Wednesday, September 7, 2011

Thursday's Therapy - Self Care: "Conscious Living" Amidst Grief and Trauma ~by Tommy Prince

Thursday's Therapy

Self Care:

"Conscious Living"

Amidst Grief and Trauma

~by Tommy Prince

I was elementary-school age, at a summer day camp with my younger brother. In one of the more memorable activities of camp, the camp counselors took us out to one of the area lakes (Knoxville has about five lakes within it) and then put three life-jacketed kids in a small sailboat by ourselves (3 kids per boat, with around 6-8 boats in all), and set us off to sail with the wind at our back, so we could only follow where the wind was blowing. There was no teaching involved; we had to just get in and figure it out by ourselves, and learn the hard way. The only thing we knew to do was sail with the wind at our back. We used the rudder to steer somewhat, mostly side to side.

The instructions were, that when the whistle would blow, it would be time to turn around, and come back in! Well, the whistle blew. But we had no idea what to do to get our boat turned around. So, in order to come back in, I jumped out of the boat, and by swimming and kicking my legs, I was able to push the tail of my boat around so that the front of the boat was headed back to shore. Great idea, but big problem, I couldn't get back in the boat! When I attempted to get back in, I tilted the side of the boat down and a LOAD of water rushed in with me, and my brother, three years younger than me, shut his eyes, threw his head back, and started screaming for dear life, thinking we surely were going to drown!

Sound familiar? How many of us grievers swimming in the depths of our grief with no sight of land anywhere, begin to wonder,

"Am I just going to drown in all this grief???"

The camp counselors were in a motor boat and came around to all of us to tow us back in eventually. Now, maybe I am looking for a camp counselor to get me out of this grief morass, but there's not one to be found, it seems!

Bessel A. van der Kolk, M.D., stress and trauma expert, highly recommends the book, Full Catastrophe Living: Using the Wisdom of Your Body and Mind to Face Stress, Pain, and Illness by Jon Kabat-Zinn, Ph.D. ~ I love this quote in the introduction to the book:

"Sailors have to develop a sense of mindfulness about them, watching all the elements, and learning to work with the wind to get them where they need to go.

"If you hope to make use of the own force of your problems to propel you, you will have to be tuned in, just as the sailor is tuned in to the feel of the boat, the water, the wind, and his or her course. You will have to learn how to handle yourself under all kinds of stressful conditions, not just when the weather is sunny and the wind blowing exactly the way you want it to.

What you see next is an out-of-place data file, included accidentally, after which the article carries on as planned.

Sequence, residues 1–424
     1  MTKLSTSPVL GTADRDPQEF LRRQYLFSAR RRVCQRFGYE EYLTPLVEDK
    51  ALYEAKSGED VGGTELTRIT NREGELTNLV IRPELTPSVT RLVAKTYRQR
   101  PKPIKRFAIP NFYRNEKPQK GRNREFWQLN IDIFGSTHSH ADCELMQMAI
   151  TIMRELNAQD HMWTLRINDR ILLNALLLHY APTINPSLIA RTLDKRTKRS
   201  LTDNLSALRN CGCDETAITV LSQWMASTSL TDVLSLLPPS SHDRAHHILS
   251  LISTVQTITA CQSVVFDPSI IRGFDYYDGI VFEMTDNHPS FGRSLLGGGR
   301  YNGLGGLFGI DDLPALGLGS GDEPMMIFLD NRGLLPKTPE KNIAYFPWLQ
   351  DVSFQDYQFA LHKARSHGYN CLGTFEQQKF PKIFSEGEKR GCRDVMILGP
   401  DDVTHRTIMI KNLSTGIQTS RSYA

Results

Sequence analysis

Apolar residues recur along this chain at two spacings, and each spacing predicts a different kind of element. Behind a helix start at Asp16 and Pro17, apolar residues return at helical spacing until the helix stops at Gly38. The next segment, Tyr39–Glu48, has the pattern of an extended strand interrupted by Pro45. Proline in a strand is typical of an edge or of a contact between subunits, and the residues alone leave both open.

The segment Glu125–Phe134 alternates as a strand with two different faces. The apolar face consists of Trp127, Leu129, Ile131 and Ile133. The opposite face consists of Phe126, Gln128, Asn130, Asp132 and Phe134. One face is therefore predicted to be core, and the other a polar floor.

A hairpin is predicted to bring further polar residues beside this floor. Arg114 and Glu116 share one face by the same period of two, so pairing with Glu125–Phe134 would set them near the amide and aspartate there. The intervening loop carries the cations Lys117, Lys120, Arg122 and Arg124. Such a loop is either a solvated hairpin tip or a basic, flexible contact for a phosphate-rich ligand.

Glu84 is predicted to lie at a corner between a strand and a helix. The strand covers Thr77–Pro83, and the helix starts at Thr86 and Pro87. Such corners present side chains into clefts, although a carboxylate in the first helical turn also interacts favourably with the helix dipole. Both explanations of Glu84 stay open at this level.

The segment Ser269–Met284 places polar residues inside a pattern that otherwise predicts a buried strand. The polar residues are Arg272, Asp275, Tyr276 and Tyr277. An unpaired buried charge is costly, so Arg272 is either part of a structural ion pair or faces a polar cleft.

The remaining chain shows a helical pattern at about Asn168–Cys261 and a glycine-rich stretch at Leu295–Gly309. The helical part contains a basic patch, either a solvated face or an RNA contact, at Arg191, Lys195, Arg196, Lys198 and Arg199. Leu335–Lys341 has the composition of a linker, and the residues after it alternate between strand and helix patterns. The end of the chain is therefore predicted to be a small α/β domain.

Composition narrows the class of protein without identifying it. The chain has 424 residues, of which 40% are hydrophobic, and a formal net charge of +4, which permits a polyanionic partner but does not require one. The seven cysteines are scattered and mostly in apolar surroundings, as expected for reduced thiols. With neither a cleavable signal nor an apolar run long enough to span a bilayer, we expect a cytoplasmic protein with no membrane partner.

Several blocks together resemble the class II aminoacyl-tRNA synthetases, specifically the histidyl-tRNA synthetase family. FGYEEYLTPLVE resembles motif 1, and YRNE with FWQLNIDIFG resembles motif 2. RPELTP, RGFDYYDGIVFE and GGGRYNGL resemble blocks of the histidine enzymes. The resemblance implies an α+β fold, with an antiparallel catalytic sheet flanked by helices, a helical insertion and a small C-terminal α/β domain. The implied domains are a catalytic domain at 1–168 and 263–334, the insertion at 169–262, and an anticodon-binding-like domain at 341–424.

"We accept that no one controls the weather. Good sailors learn to read it carefully and respect its power. They will avoid storms if possible, but when caught in one, they know when to take down the sails, batten down the hatches, drop anchor, and ride things out, controlling what is controllable and letting go of the rest. Training, practice, and a lot of first-hand experience in all sorts of weather are required to develop such skills so that they work for you when you need them. Developing skill in facing and effectively handling the various "weather conditions" in your life is what we mean by the art of conscious living."

~Jon Kabat-Zinn, Ph.D.

Angie and I are in the "training" stages of learning to deal with this tsunami of grief by first learning to condition our bodies to be effective instruments to manage our grievous stress. After learning I had a sporadic range of volatility in my blood pressure that could be very dangerous to my cardiovascular system, I had to learn to do what I could do to manage that problem first. So I began my daily aerobic training for 20 minutes a day, first thing in the morning, before any coffee could be had!

This was after many sessions of negotiating with my doctor that I did plenty of yard work, and that should suffice for aerobic exercise, etc. Finally he lowered the boom, in regard to conquering the blood-pressure monster:

"You can do this! But, you have got to do this 20 minutes of aerobic exercise EVERY DAY! You will find that you will begin losing weight, you will lower your cholesterol level, and your blood pressure will normalize and not fluctuate so much."

Given several months of sporadic working out, hitting a lick here and there when I "felt like it," I finally got down to business. Amazingly, 16 days after starting such a 20-minute-in-the-morning-aerobic-exercise-regimen (plus watching my salt, watching my diet, getting 8-hours of sleep), I discovered I had lost ten (10) pounds, and my blood pressure had normalized throughout the day. (I had to buy my own blood pressure monitor.) So I am feeling pretty upbeat about getting my body better conditioned to handle the tumultuous stress of my child-loss grief.

I went to a neighborhood planning meeting last night and came home very bummed out and depressed because I had gotten triggered. So, out of curiosity, I took my blood pressure to see what it was. For the first time since getting everything normalized over the past seven days, my blood pressure had shot up into the abnormal range, and I realized that cortisol had begun to course through my system from being triggered. Within the hour, with deep breathing and meditation, I was able to get my blood pressure back into the normal range. I am training myself to be mindful of what is going on inside my body so that I can take better care of myself. I am learning that my grief and trauma "will follow me all the days of my life," so I am doing what I can to learn to manage it through "conscious living" amidst my trauma and grief.

Picture, thanks to


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